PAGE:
Knowledge-based tools used to standardize perioperative care, such as the shunt infection prevention protocol of the Hydrocephalus Clinical Research Network (HCRN), have demonstrated their ability to reduce surgeon-based and center-based variations in outcomes and improve patient care. The mere presence of high-quality evidence, however, does not necessarily translate into improved patient outcomes owing to the implementation gap. To advance understanding of how knowledge-based tools are being utilized in the routine clinical care of children with hydrocephalus, the HCRN-Quality (HCRNq) network was started in 2019. With a focus on CSF shunt infection, the authors present baseline data regarding CSF shunt infection rates and current shunt infection prevention practices in use at HCRNq sites.
Baseline shunt surgery practices, infection rate, and risk factor data were prospectively collected within HCRNq. No standard infection protocol was recommended, but site use of a protocol was implied if at least 3 of 6 common shunt infection prevention practices were used in > 80% of shunt surgical procedures. Univariable and multivariable analyses of shunt infection risk factors were performed.
Thirty sites accrued data on 2437 procedures between November 2019 and June 2021. The unadjusted infection rate across all sites was 3.9% (range 0%–13%) and did not differ among shunt insertion, shunt revision, or shunt insertion after infection. Protocol use was implied for only 15/30 centers and 60% of shunt operations. On univariable analysis, iodine/DuraPrep (OR 0.57, 95% CI 0.37–0.88, p = 0.02) and the use of an antibiotic-impregnated catheter in any segment of the shunt (or both) decreased infection risk (OR 0.53, 95% CI 0.34–0.82, p = 0.01). Iodine-based prep solutions (OR 0.56, 95% 0.36–0.86, p = 0.02) and the use of antibiotic-impregnated catheters (OR 0.52, 95% CI 0.34–0.81, p = 0.01) retained significance in the multivariable model, but no relationship between protocol use and infection risk was demonstrated in this baseline analysis.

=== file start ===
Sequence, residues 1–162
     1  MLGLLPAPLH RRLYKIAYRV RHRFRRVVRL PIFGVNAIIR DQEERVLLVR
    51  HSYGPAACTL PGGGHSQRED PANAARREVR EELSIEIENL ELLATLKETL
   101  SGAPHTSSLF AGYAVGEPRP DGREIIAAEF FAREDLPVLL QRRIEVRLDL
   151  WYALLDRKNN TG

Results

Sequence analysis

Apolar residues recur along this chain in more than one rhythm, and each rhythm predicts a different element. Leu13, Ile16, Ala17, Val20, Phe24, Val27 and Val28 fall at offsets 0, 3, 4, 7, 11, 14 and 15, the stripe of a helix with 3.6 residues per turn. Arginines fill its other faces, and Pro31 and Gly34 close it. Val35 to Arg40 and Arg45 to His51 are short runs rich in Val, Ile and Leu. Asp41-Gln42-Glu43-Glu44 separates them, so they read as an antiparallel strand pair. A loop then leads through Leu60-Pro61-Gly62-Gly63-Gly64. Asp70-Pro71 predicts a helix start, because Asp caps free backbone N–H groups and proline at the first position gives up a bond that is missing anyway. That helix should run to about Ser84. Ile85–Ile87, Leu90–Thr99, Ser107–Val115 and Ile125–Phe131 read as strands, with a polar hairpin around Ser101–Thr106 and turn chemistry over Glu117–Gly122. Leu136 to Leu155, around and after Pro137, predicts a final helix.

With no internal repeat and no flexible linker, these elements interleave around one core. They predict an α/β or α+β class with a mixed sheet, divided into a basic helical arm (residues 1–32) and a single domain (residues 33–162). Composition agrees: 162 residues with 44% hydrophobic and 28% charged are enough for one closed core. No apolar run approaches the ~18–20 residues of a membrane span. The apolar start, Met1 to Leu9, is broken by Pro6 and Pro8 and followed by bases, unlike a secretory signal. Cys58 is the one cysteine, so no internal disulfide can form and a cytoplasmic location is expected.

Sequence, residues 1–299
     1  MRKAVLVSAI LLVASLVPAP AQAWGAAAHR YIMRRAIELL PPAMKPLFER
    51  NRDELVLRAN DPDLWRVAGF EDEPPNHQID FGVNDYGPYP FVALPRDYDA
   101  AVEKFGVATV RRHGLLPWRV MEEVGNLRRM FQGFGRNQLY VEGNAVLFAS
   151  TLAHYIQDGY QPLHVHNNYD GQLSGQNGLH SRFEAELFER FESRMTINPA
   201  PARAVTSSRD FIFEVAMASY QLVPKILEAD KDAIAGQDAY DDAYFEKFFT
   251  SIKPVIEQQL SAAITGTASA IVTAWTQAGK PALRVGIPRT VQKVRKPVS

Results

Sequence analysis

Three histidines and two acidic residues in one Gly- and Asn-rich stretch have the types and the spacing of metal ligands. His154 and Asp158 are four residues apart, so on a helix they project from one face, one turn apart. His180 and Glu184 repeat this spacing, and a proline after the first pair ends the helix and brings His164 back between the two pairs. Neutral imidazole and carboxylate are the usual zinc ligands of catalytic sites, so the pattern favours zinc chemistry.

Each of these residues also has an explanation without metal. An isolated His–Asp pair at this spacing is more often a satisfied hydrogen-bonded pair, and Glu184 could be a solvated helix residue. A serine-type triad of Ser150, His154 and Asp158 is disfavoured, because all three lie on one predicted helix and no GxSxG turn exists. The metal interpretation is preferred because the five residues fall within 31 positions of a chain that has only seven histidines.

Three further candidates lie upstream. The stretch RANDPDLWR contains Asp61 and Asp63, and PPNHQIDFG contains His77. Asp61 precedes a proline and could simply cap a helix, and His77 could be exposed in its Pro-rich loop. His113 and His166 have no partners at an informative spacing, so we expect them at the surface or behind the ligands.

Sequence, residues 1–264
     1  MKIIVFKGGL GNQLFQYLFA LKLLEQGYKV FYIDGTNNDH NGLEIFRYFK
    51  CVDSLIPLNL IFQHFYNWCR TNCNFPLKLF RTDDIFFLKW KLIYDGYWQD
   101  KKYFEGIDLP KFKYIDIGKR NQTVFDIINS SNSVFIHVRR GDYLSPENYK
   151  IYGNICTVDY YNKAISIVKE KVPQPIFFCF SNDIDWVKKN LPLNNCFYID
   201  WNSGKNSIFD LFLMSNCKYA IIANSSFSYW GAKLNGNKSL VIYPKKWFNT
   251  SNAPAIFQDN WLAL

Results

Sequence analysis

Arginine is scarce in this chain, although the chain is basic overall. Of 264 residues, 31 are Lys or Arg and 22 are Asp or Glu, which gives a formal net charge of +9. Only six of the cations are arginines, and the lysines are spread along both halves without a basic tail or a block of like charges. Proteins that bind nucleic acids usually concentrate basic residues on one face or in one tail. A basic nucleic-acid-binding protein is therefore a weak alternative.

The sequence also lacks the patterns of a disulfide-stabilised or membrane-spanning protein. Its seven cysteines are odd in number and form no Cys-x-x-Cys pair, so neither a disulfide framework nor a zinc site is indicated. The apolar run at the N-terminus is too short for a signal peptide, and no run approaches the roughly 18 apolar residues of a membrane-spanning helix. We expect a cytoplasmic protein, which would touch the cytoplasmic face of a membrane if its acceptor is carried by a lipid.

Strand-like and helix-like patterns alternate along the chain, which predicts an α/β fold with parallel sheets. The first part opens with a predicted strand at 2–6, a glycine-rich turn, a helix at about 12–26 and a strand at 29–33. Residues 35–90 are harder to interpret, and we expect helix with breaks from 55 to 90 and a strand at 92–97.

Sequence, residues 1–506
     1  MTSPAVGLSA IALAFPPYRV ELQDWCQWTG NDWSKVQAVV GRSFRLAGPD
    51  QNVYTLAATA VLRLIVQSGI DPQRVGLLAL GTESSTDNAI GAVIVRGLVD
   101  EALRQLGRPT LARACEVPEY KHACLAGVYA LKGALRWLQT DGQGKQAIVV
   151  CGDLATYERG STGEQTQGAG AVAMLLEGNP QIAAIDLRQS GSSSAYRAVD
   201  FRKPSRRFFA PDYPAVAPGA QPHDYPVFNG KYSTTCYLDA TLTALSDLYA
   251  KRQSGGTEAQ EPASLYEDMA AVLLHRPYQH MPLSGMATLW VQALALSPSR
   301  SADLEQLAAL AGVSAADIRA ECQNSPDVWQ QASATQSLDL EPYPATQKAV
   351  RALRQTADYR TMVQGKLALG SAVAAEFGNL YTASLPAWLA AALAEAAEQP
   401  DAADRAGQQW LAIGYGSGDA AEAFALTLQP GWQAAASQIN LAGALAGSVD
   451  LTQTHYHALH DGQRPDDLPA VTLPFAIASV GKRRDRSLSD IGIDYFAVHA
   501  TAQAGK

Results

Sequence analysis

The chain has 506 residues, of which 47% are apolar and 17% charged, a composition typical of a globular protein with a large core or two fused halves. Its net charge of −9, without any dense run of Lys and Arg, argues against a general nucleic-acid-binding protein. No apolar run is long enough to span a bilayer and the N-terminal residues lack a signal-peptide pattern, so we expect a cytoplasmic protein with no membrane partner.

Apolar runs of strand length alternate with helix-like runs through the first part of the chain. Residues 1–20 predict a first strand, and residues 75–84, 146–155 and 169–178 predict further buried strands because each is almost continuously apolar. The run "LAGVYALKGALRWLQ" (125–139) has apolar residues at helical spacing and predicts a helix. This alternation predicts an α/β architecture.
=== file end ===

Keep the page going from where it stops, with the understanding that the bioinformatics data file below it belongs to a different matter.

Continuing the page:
The authors have demonstrated that children undergoing CSF shunt surgery at HCRNq sites share similar demographic characteristics with other large North American multicenter cohorts, with similar observed baseline infection rates and risk factors. Many centers have implemented standardized shunt infection prevention practices, but considerable practice variation remains. As such, there is an opportunity to decrease shunt infection rates in these centers through continued standardization of care.